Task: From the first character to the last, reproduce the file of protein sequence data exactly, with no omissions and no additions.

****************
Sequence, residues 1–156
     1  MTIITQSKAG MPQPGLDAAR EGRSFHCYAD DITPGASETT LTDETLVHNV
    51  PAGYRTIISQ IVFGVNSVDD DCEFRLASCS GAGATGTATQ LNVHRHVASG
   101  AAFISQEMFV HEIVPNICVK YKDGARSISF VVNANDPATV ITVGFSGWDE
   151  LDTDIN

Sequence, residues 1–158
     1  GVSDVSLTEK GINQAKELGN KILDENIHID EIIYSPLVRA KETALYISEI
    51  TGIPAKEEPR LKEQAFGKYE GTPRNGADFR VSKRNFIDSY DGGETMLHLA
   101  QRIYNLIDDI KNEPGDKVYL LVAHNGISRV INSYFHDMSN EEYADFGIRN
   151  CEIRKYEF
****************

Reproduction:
Sequence, residues 1–156
     1  MTIITQSKAG MPQPGLDAAR EGRSFHCYAD DITPGASETT LTDETLVHNV
    51  PAGYRTIISQ IVFGVNSVDD DCEFRLASCS GAGATGTATQ LNVHRHVASG
   101  AAFISQEMFV HEIVPNICVK YKDGARSISF VVNANDPATV ITVGFSGWDE
   151  LDTDIN

Sequence, residues 1–158
     1  GVSDVSLTEK GINQAKELGN KILDENIHID EIIYSPLVRA KETALYISEI
    51  TGIPAKEEPR LKEQAFGKYE GTPRNGADFR VSKRNFIDSY DGGETMLHLA
   101  QRIYNLIDDI KNEPGDKVYL LVAHNGISRV INSYFHDMSN EEYADFGIRN
   151  CEIRKYEF